The Field Hospital: Oregon parish still waiting for Syrian family

This story appears in the The Field Hospital feature series. View the full series.
Syrians refugees at the Zaatari refugee camp Nov. 1 wait to register their names to return to their homeland in Syria. (CNS/Reuters/Muhammad Hamed)
Syrians refugees at the Zaatari refugee camp Nov. 1 wait to register their names to return to their homeland in Syria. (CNS/Reuters/Muhammad Hamed)

by Dan Morris-Young

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The complex, frustrating and confusing world of U.S. immigration policy and procedures has come into sharp focus for St. Henry Parish in Gresham, Ore., where parishioners and staff have had a fully stocked home ready and waiting for a Syrian refugee family since spring.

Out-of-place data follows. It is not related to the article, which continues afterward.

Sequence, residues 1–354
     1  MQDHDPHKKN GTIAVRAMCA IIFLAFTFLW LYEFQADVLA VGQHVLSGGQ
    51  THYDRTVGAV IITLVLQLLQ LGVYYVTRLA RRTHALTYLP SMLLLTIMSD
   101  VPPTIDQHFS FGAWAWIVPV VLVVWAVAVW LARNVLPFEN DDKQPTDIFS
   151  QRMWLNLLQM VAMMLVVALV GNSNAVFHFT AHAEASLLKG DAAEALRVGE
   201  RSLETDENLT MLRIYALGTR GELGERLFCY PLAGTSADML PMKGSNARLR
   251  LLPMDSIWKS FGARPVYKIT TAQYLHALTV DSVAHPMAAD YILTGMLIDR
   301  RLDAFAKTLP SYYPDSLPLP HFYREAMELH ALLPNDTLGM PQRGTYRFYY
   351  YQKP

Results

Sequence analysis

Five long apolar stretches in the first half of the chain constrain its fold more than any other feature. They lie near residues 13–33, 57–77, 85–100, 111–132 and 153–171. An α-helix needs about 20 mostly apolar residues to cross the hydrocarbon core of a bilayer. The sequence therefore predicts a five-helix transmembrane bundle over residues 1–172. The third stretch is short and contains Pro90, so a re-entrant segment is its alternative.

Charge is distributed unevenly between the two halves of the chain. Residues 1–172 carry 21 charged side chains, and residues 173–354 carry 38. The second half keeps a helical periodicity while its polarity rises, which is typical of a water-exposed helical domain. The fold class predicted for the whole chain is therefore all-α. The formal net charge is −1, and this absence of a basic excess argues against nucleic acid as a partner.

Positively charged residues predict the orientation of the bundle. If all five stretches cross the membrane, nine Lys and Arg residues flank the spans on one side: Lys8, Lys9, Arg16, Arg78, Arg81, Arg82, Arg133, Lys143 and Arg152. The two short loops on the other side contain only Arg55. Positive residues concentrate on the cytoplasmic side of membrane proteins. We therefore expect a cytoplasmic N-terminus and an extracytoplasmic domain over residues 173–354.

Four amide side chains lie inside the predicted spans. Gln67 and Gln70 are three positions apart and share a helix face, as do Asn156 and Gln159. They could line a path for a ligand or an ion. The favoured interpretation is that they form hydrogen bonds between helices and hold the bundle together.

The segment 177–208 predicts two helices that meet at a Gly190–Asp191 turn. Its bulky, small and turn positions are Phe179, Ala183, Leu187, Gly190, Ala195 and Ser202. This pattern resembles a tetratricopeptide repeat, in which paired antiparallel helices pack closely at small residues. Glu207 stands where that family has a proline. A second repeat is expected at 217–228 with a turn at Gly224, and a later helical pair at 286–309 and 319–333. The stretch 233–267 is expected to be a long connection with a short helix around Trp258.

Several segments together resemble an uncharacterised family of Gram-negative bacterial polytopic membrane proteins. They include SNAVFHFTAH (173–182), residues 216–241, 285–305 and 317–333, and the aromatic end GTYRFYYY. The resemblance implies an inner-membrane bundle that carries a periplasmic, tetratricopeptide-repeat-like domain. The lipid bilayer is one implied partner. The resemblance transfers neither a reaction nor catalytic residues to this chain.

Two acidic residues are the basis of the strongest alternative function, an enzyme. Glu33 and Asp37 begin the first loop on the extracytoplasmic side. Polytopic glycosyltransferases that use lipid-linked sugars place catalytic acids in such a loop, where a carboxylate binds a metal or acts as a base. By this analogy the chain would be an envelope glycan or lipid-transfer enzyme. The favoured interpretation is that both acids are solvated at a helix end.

Response to an appeal, spearheaded by Fr. Charles Zach was so positive last Easter that more than $2,500 in cash was collected and more than 450 items were donated, according to a report in The Catholic Sentinel, the Portland archdiocese's newspaper.

The excess was donated to other Catholic Charities immigration efforts. 

Ibrahim and his family, however, remain in Jordan, Zach told NCR, where they have been for nearly a year  and a half.  The family's real name is not used for fear of reprisal because of their conversion to Christianity, which is illegal in many Muslim countries.

St. Henry Parish has worked with Gresham's Arabic Christian Church in the effort. That community is headed by Pastor John Baskaron, himself an Egyptian immigrant.

According to the Sentinel, Catholic Charities of Oregon settled 368 refugees during the last federal fiscal year, noting: “It’s a process filled with complications and unexplained delays.”

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